While context is present--on screens and text panels within a long, snaking, leather-covered partition known as 'the river' which runs through the gallery (Fig. 3), and in more depth on a multimedia mezzanine overlooking the displays--the museum has been accused of providing too little of it. The anthropologist Sally Price has complained of a 'general tendency to privilege harmony and nation-to-nation diplomacy over social criticism and attention to the interests of particular ethnic groups.' M. Martin acknowledges that he has picked a 'big fight' with Ms Price and some other anthropologists: 'My vision of a museum is a terrible loss of power for them, because the museum becomes a source of information and not the demonstration of a theory.'
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He is similarly defiant in response to criticism of the lack of postcolonial critique among the collection's displays: 'A lot of people regret--and I understand that regret--that we don't give a bigger part to colonial history within the permanent exhibition. My answer is that I would love to, but how? You could have a museum about colonisation and decolonisation that would work on a scenario, and so the collection would be secondary to that scenario. But out of an ethnographic collection, it is very difficult to tell colonial history.' He believes that France's colonial past is self-evident in the layout of the museum, wherein the French colonies in Africa and Polynesia feature more prominently than the Americas and Asia. 'The [subtext] of this display is that, in contrast to the Museum of Mankind or the Musee de l'Homme, this is not a display of the different cultures of the world, but a display of souvenirs of different cultures of the world that have been gathered by the French.'
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The museum does allow for more social criticism and anthropology in its exhibitions, each of which has what M. Martin describes as 'a very specific and very partial angle' on its themes. Two current exhibitions reflect the museum's dynamic approach: 'Human Zoos: The Invention of the Savage' (until 3 June) is curated by Lilian Thuram, a World Cup-winning French footballer who has set up an anti-racism foundation; while 'Masters of Chaos' (until 29 July), curated by Jean de Loisy, director of the Palais de Tokyo, looks at shamanism--the 'sacred cow' of anthropology, according to M. Martin--through the prism of modern and contemporary artists like Joseph Beuys and Thomas Hirschhorn. Their work is shown alongside ethnographical objects in a dramatically deconstructed space.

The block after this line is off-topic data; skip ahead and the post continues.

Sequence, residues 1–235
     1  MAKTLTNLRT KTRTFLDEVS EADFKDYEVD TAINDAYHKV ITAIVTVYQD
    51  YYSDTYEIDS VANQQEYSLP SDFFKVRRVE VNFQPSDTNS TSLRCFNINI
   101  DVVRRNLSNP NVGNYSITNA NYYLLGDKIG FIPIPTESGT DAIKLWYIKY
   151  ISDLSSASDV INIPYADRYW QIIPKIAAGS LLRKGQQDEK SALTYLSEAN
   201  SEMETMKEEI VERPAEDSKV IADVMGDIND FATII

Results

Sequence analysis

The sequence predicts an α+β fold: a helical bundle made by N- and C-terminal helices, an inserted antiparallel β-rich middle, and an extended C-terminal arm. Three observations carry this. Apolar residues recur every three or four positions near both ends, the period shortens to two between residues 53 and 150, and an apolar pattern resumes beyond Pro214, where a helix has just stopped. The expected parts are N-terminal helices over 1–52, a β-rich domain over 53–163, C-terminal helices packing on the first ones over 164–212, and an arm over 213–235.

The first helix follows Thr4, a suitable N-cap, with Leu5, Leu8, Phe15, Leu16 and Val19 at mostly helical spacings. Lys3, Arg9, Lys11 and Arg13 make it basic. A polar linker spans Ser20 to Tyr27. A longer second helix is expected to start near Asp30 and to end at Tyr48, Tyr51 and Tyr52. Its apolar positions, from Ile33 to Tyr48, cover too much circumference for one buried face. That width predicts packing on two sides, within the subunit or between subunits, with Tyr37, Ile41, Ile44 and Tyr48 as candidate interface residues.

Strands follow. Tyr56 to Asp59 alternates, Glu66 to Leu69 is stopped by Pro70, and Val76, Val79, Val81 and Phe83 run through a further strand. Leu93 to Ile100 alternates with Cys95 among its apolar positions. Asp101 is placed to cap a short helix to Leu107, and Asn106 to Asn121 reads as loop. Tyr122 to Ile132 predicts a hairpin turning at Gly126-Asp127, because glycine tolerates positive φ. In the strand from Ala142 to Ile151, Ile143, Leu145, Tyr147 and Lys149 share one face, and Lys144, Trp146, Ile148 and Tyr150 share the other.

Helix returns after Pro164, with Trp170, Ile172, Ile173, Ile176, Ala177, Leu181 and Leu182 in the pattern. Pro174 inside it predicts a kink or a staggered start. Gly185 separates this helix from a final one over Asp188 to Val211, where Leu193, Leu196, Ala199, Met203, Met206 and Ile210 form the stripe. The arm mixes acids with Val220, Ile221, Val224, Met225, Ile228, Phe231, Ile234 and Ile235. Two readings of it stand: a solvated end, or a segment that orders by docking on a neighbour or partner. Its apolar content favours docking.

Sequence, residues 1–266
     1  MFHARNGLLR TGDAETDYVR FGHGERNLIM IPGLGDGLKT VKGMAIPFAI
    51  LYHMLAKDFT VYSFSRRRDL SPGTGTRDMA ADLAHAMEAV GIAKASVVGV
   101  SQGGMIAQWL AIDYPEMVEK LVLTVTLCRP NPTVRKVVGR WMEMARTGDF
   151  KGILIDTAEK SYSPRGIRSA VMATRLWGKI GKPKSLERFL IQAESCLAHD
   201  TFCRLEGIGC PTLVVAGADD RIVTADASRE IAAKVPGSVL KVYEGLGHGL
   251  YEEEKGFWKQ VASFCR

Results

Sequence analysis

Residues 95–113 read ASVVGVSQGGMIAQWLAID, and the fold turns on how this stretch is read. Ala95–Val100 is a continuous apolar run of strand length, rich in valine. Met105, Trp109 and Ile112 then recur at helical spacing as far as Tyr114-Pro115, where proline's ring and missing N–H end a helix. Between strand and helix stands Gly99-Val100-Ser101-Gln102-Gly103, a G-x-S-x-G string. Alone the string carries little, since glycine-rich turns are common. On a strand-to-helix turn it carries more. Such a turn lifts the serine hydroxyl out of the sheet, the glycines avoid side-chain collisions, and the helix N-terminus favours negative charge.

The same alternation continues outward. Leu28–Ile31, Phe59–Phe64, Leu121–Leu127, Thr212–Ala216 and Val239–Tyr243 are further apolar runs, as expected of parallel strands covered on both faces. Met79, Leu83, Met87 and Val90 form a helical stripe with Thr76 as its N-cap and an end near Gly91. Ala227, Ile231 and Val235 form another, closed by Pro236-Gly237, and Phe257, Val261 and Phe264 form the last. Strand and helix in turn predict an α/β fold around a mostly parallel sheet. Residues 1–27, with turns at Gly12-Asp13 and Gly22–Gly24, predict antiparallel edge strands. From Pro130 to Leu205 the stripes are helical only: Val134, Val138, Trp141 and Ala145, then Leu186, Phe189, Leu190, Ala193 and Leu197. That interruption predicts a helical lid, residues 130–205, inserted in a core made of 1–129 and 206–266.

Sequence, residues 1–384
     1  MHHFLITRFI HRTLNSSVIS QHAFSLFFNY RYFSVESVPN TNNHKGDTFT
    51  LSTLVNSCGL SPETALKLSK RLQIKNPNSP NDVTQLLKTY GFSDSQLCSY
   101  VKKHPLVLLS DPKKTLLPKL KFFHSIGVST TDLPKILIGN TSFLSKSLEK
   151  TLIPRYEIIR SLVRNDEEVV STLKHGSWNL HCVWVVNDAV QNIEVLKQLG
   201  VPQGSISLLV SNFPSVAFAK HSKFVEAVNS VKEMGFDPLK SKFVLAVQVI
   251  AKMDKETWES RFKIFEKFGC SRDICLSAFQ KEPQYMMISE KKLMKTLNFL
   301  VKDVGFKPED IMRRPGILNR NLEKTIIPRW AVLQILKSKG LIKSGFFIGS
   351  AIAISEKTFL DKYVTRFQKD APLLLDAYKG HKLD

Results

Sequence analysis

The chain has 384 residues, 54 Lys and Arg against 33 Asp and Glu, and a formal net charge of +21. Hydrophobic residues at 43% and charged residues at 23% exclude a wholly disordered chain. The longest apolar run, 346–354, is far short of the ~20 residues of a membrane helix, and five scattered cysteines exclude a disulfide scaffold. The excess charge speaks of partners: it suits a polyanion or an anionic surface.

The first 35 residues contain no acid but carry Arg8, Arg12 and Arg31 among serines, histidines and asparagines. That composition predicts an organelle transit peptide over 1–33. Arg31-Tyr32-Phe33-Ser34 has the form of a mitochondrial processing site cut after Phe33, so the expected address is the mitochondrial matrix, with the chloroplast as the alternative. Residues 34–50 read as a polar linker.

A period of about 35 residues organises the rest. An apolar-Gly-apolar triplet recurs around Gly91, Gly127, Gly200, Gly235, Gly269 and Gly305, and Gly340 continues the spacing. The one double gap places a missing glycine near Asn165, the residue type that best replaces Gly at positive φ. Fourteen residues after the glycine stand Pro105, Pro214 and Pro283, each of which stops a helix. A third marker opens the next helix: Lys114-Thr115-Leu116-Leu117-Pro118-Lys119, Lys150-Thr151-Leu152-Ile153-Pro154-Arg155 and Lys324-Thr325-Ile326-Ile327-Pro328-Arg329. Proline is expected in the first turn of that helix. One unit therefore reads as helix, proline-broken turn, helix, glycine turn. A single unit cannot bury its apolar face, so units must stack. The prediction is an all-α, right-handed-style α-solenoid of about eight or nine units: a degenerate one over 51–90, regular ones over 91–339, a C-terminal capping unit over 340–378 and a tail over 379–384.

Eclectic exhibitions serve the central purpose first outlined by M. Chirac when he wrote that, through the museum, 'dignity is being restored to peoples who were too often humiliated, oppressed or even destroyed by arrogance, ignorance, stupidity and blindness' during the colonial era. It is a telling message in the face of the significant proportion of French people who will vote for Marine Le Pen, the leader of the far-right Front National party, in this year's presidential election. M. Martin believes the museum offers a riposte to views like those of Mme Le Pen, not just in M. Thuram's overtly anti-racist show but in its full programme as well as Nouvel's 'prestigious' architecture. Furthermore, he wants to ensure that ethnographic museums are no longer 'cursed and damned to stay within the league of the specialised museum.'
M. Martin continues: 'If there is one reason for the museum and one thing that you will find in every show, whatever the topic is, it is the proposition that visitors come here and see that these are great peoples, that we have to respect them--they are incredible artists and they are part of the world and its history, not just a small, exotic thing that we would consider seeing after we have seen Leonardo da Vinci.'
PORTRAIT GIANLUCA TAMORRI
Ben Luke is Contemporary Art Critic at the London Evening Standard.
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|Title Annotation:||FEATURE: STEPHANE MARTIN|
|Date:||May 1, 2012|